Olympia lawmakers are drafting amendments to Washington state’s drug possession law. Your current proposal includes criminal sanctions. It also places great emphasis on “distraction programs” designed to help people avoid jail time and criminal records. Drug courts or “therapeutic” courts could be a route for these cases.
Advocates say drug courts have a strong record of helping people succeed. Critics say their strict abstinence requirements can cause participants to fail.
Earlier this month was “graduation day” for drug court participants at King County Superior Court in downtown Seattle. One graduate, Roxanne Kostelac, carried a red plastic toolbox, symbolizing the tools she acquired to help her chart a new path. But she said she felt more concerned than celebratory.
“It’s not like I’m going to win a Grammy!” she said. “Don’t get me wrong, thank you all. But that’s the first day I go to work. I have my tool box. That’s scary.”
When Kostelac and her graduates chose drug court, they faced property crime charges based on addiction. But they successfully adhered to a rigorous program of treatment and counseling, finding housing, jobs, pets, and more stability along the way.
On that day, King County Superior Court Judge Mary Roberts signed orders dismissing her felony charges. She said the research bodes well for most drug court participants, even if they don’t have a degree.
“81 percent of our participants have no new offenses after 36 months. That’s a great statistic for relapses,” she said, adding that more than 80 percent of participants complete the program, taking an average of 16 months to complete.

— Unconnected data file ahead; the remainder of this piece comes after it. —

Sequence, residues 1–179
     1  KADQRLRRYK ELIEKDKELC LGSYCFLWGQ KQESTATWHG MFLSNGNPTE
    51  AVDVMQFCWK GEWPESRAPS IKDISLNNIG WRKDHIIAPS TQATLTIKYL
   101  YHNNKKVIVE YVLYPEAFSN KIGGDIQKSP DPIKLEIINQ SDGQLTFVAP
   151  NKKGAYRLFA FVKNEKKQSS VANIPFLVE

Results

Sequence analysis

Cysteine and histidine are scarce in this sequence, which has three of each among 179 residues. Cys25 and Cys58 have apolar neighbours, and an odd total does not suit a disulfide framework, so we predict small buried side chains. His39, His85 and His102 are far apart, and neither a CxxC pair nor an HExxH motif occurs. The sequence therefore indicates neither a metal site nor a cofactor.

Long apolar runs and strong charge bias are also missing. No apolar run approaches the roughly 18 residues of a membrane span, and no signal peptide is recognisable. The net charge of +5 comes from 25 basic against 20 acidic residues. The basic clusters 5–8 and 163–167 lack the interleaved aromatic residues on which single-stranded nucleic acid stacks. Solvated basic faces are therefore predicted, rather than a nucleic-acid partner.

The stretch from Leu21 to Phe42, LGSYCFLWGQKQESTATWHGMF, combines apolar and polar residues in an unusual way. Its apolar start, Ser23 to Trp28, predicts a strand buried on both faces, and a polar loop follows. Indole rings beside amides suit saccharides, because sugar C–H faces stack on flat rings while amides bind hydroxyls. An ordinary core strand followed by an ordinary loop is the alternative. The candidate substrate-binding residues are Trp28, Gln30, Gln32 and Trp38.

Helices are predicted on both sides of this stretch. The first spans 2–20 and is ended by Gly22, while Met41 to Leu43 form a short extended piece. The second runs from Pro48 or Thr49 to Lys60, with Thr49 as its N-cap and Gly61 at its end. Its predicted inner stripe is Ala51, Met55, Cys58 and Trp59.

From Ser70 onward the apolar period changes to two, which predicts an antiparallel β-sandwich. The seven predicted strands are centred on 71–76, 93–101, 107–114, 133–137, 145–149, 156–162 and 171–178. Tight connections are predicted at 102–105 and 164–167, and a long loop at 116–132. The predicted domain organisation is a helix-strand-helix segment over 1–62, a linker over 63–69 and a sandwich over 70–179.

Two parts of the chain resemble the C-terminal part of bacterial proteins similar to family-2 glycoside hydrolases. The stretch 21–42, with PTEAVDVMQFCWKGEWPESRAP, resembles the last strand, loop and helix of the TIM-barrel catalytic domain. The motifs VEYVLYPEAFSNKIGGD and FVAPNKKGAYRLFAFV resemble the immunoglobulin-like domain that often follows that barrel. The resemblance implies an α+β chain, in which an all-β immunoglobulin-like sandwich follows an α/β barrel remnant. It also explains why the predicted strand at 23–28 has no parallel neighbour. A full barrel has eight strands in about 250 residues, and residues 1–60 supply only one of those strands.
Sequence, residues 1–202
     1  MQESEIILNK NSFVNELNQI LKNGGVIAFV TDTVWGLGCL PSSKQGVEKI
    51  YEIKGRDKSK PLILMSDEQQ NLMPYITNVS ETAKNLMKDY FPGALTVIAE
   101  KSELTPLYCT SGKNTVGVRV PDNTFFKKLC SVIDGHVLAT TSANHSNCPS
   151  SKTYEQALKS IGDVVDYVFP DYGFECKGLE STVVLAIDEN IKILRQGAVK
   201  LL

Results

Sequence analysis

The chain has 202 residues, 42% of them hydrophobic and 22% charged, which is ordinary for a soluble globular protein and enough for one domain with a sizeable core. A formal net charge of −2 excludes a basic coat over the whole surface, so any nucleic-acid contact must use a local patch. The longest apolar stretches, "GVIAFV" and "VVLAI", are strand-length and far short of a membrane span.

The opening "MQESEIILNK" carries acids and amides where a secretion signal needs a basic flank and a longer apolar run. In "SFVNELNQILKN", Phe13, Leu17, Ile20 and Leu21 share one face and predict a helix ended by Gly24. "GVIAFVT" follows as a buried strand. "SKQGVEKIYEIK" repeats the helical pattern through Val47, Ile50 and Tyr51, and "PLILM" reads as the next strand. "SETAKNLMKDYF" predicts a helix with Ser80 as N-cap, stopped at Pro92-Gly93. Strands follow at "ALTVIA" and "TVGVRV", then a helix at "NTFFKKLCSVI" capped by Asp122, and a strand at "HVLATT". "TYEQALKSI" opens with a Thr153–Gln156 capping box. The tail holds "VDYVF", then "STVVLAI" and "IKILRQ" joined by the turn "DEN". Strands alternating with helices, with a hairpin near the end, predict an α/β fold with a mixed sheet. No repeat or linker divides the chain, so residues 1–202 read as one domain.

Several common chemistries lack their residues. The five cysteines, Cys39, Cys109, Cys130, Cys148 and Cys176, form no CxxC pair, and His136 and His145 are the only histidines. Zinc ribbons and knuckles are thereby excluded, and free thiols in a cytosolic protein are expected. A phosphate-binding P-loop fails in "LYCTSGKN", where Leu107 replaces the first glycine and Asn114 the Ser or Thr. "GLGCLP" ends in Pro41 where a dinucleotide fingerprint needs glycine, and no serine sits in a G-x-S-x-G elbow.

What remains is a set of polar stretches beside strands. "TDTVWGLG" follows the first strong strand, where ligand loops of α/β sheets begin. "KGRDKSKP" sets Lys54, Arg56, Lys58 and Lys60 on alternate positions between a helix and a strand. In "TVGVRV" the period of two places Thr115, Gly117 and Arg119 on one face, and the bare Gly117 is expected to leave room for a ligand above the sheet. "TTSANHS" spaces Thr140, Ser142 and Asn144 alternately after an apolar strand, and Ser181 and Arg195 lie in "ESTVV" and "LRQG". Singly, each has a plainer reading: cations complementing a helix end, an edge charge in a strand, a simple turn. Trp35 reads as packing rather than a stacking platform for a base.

The role of drug courts is unclear under the proposed legislation
State lawmakers are debating a new bill (SB 5536) that would require anyone arrested for drug possession to have a choice to engage in a “diversion” — treatment and services — rather than go to jail. But these resources vary widely across the state, and the role of drug courts in this new system is not yet clear.
Drug courts started at the crime level decades ago, but lawmakers are attempting to make drug possession a gross misdemeanor. These cases are tried in city and county courts — and only about half of them offer drug court programs, which they often refer to as “therapeutic” or “community courts.”
Christina Mason, King County Drug Court Program Manager, was present at the graduation ceremony to assist with the awarding of certificates. Mason is also the President of the Washington Association of Drug Courts.
She said that as state legislators debate Washington’s next approach to drug possession, she hopes they will allow numerous prison escapes. She said the drug court could be a second resort for people who are unsuccessful with less structured programs.
“Most of our participants had prior substance use disorder treatment, and they were unable to thrive in traditional community substance use disorder treatment without the additional support and accountability that comes from a drug court model,” Mason said .
Drug courts are being expanded at district and community levels
The state administration office of the courts has spent about $9 million over the past two years to expand local drug courts and is seeking another $20 million to continue the process.
Jenifer Howson is a presiding judge in county and city courts in Skagit County, where she created a drug court-style program in 2020. These sessions take place outside of traditional courtrooms.
“So the judge sits on the same level and doesn’t often wear a robe and talk to people face-to-face,” she said, with service providers also in attendance. “And the whole goal of the whole room is to get the person safely into treatment so they don’t reoffend and to support them along the way.”
Participants agree not to possess or use illegal drugs during the course of the program.